Purpose of Accounting and Accountability
Accounting expresses the activities of the company by collecting financial information about the company’s business activities and recording them in accordance with a specific book-keeping method. The purpose of accounting is to keep the income, expenses, assets and debts of an enterprise separated from those of the enterprise’s owner and other enterprises. Other functions of accounting include establishment of the distributable profits of the enterprise, i.e. calculation of business’s profit or loss (profit and loss or P/L statement), and establishment of the enterprise’s financial standing (balance sheet). The profit and loss of the business activities is calculated for each financial period. The financial period is normally 12 months.
Accountability applies to everyone, who carries out business or professional activities, as of incorporation of the enterprise. Companies, trusts, associations and certain funds are, however, always accountable regardless of whether business activities are carried out or not. Accountability means that the management of the corporation is under an obligation to ensure, that all written material arising out of and describing the corporation’s business activities (such as receipts and correspondence) is collected and retained, and that the corporation’s accounts are prepared based on such material within the specified time periods and in accordance with the Accounting Act and good accounting practice. The corporation’s financial statements must be prepared on the basis of the accounts within a specified time. In addition to the Accounting Act, other legal requirements depending on the form of incorporation apply to preparation of the financial statements.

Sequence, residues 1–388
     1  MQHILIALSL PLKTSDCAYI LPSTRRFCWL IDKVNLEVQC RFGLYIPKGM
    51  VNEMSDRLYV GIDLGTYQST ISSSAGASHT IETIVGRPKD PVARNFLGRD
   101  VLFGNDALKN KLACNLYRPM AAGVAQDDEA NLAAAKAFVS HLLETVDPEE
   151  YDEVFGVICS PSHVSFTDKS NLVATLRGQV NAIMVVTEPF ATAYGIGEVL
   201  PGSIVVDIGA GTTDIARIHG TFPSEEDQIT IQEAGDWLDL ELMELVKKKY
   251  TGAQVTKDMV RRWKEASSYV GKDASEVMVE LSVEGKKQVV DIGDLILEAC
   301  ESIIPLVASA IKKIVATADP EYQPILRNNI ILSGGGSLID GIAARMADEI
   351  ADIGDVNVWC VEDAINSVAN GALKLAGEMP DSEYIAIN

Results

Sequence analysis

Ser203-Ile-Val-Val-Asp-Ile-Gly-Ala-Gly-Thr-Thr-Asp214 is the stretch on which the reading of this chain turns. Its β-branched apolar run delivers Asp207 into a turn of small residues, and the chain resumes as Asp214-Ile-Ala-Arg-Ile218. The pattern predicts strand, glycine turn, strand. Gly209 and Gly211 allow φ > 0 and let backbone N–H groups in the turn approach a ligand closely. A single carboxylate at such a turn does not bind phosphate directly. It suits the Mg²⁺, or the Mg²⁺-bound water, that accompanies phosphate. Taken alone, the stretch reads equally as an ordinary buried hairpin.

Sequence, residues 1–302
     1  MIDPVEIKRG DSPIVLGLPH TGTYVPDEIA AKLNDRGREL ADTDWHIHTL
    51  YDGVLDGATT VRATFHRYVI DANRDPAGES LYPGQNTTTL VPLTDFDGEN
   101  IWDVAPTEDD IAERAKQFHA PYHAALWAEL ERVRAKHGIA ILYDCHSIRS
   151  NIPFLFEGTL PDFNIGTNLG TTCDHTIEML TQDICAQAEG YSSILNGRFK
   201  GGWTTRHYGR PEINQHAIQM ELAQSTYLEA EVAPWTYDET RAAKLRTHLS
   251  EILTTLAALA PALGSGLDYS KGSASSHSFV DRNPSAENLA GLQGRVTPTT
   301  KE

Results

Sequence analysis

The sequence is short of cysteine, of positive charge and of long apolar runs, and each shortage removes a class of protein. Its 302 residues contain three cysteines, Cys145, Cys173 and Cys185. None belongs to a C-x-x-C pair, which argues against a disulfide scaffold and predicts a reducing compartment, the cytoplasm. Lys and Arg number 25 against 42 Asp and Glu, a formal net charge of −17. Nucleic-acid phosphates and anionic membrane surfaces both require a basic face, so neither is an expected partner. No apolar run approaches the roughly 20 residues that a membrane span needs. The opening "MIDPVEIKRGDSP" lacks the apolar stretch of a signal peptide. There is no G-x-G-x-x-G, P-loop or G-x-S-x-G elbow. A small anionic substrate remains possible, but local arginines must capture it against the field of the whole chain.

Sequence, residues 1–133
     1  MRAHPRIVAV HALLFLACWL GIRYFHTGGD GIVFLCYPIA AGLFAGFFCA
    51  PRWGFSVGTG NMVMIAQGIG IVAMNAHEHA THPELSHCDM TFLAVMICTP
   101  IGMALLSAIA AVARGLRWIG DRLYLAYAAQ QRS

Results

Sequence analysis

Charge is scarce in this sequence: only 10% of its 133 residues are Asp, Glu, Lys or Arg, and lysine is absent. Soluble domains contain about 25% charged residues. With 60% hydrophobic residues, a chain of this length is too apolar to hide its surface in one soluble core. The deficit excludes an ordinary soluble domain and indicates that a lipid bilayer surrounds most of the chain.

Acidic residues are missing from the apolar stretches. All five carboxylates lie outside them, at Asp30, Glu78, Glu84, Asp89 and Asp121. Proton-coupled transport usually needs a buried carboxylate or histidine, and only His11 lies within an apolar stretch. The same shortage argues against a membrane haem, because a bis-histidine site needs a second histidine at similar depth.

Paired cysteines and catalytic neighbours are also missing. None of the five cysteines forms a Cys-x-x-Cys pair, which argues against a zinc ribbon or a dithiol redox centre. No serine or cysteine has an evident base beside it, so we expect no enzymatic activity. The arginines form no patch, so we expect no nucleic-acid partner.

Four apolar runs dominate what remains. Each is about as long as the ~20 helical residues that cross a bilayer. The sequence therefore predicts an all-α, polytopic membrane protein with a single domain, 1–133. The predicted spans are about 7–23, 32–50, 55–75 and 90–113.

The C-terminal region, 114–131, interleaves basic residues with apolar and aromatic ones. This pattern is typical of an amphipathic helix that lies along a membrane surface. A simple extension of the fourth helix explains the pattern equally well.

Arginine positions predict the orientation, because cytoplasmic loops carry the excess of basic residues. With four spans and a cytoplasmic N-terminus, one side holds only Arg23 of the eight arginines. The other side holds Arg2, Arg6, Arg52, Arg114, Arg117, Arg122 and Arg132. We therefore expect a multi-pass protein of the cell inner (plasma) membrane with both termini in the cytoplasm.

The concepts of the Accounting Act, the Business Taxation Act and the Value Added Tax Act differ somewhat. As regards periodization issues, the accounting principles are based on the precautionary principle to a higher degree than the principles applicable in taxation. Therefore, the processing of financial transactions may differ between accounting and taxation. Tax legislation, accounting legislation and company legislation apply in parallel to business activities.